Nelson: Downtown's glorious future plan lies in ruins

These days, few Calgarians crack smiles about the state of downtown

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Should we just shut it down? Downtown Calgary, that is, and let the addicts, the homeless and the criminals have it.

Is that where we’re headed?

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We’re already leery to board public transit heading to the core and now the city’s considering shuttering part of the Plus-15 aboveground walkway system — one that’s served citizens well for decades — as an answer to downtown’s nastiest woes.

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What a difference a few years has made to the brain trust at city hall. Remember that 100-page document celebrating the promised road to reinvention, entitled Calgary’s Greater Downtown Plan? Today, it seems as curious an oddity as those famous Dead Sea Scrolls.

Cast your mind back to when this plan first rolled off the presses with such fanfare, trumpeting a bright, new, inclusive dawn for citizens in some soon-to-be magical metropolis by the Bow. The rhetoric flowed, the path ahead was chosen and the predicted price tag was in the multimillions.

Its goal went far beyond simple revitalization or dealing with the perennial problem of high office vacancy rates. This was going to transform society itself, which, looking back, might have been the problem — having such lofty aims that vital areas such as Calgarians’ safety got lost among all the virtue-signalling.

Here’s part of the plan’s introduction: “In 2020, systemic racism was brought to the forefront and further highlighted the need for effective measures to achieve equality for all. This is the right thing to do. This plan provides direction for further study, action and investment in equality, inclusion and accessibility over the next decade.”

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It was accompanied by computer-generated images of happy citizens wandering across traffic-less streets with smiles so broad they must have shared some record lottery prize.

That was then. This is now. These days, few Calgarians crack smiles about the state of downtown.

Unless there’s no other option, we avoid the place — not just because of insufficient and ludicrously expensive parking, but because sections of downtown are becoming increasingly dangerous.

That’s why a volunteer committee was asked by the city to devise ways of tackling social disorder in the core. To be fair, its subsequent report, released last week, is wide-ranging, concise and mercifully lacking the usual civic bafflegab that invariably pollutes such exercises. Regardless, council won’t find it pretty reading.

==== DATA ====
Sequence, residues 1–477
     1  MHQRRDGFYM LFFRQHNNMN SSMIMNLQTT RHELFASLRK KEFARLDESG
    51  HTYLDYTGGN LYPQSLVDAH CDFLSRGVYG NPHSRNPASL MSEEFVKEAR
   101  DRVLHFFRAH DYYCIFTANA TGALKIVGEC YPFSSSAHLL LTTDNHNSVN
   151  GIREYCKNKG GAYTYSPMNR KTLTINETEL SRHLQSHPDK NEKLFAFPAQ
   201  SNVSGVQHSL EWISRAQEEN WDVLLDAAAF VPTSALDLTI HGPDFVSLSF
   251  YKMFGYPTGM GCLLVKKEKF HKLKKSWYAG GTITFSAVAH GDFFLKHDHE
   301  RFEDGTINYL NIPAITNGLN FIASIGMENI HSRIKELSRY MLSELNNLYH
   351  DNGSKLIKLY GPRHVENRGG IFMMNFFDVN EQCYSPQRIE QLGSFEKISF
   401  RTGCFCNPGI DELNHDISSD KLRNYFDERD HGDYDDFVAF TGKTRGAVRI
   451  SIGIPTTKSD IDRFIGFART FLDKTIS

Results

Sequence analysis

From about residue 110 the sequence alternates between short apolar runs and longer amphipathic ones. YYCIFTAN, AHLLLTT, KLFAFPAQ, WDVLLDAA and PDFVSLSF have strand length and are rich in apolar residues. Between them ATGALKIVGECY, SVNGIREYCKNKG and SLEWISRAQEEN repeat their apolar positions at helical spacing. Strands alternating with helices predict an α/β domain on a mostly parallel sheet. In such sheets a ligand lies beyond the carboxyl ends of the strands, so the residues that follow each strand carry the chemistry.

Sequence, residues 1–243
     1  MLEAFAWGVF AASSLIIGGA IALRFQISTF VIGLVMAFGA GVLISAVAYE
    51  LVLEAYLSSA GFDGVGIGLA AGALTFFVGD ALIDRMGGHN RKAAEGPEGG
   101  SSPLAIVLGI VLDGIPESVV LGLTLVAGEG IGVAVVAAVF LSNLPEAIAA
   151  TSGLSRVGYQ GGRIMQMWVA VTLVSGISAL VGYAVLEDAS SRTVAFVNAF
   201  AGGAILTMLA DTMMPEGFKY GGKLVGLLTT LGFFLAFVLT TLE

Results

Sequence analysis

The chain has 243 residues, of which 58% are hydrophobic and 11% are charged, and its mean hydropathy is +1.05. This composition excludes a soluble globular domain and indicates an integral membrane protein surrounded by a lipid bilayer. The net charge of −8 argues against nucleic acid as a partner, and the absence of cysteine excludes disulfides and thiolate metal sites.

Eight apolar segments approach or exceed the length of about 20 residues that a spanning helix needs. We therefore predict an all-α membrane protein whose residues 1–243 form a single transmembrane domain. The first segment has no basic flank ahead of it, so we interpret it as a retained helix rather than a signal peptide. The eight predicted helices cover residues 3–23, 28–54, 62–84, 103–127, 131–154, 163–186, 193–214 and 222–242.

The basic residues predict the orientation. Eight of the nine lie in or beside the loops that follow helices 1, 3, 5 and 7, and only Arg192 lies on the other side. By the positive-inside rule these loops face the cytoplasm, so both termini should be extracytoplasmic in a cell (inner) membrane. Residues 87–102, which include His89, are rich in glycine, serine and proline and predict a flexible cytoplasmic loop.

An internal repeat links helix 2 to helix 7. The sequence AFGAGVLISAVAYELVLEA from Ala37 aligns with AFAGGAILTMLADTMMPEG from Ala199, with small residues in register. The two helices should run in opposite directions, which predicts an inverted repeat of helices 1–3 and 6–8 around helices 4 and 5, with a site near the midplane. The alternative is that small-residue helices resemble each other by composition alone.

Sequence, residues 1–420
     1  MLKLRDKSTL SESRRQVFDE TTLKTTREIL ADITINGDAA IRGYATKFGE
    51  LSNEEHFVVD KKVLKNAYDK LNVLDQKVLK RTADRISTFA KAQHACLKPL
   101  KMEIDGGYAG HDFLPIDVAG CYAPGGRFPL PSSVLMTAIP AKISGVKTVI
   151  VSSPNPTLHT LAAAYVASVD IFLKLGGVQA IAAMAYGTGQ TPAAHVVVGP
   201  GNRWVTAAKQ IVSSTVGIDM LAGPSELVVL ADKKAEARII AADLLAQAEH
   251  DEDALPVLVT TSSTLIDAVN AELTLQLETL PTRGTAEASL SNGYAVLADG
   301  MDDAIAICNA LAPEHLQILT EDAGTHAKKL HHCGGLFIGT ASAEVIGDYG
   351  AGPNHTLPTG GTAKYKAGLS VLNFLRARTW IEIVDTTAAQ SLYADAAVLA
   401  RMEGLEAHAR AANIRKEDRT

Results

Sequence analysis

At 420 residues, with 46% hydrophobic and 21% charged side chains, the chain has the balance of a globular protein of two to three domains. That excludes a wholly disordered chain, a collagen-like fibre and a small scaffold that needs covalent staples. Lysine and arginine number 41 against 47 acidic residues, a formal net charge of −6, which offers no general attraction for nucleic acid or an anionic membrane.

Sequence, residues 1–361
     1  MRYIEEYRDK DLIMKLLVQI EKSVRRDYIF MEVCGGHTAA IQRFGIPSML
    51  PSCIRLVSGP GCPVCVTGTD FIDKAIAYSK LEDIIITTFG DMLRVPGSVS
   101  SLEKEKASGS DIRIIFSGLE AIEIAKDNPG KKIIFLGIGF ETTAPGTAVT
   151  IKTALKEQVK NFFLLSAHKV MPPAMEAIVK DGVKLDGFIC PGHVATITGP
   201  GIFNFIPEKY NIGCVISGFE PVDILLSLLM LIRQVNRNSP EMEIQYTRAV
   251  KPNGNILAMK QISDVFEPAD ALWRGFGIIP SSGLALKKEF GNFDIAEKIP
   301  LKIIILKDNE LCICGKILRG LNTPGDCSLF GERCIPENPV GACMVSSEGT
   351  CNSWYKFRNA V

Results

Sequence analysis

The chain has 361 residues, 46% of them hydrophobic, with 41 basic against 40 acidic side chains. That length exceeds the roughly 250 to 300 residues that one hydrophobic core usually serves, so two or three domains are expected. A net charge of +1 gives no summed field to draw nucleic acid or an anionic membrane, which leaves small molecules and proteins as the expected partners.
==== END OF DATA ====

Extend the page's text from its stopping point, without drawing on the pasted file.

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The biggest bombshell is a suggestion to identify sections of the Plus-15 walkways suitable for dismantling or closure, because the network is rife with safety issues and prone to vandalism and violence due to a lack of security and policing.

Why is it regular folk who rely upon a service, whether a CTrain or an aboveground heated walkway in the depths of winter, are those to suffer? Why are their lives affected through no fault of their own? And how in heaven did we get to this point, less than four years after being promised the city was endeavouring to make life better every day, for everyone?

Maybe council took its collective eye off the ball. Those lengthy debates over nitwits harassing parents taking their kids to a drag queen show at the local library, or the moral quagmire the use of paper bags posed, might have exhausted councillors’ emotional intelligence.

There was also the rather large issue of just how high they could jack up tax rates before igniting a full-scale revolt.

Anyhow, downtown’s woes are now becoming old hat. No point crying over spilt milk, as they say.

Council is currently intent on casting a much wider net, by throwing out those old, boring zoning regulations involving residential development.

The whole of suburban Calgary is now in play, regarding who can build what in neighbourhoods everywhere. There’s probably another civic blueprint ready to roll off the presses praising this latest glorious plan.

What could possibly go wrong?

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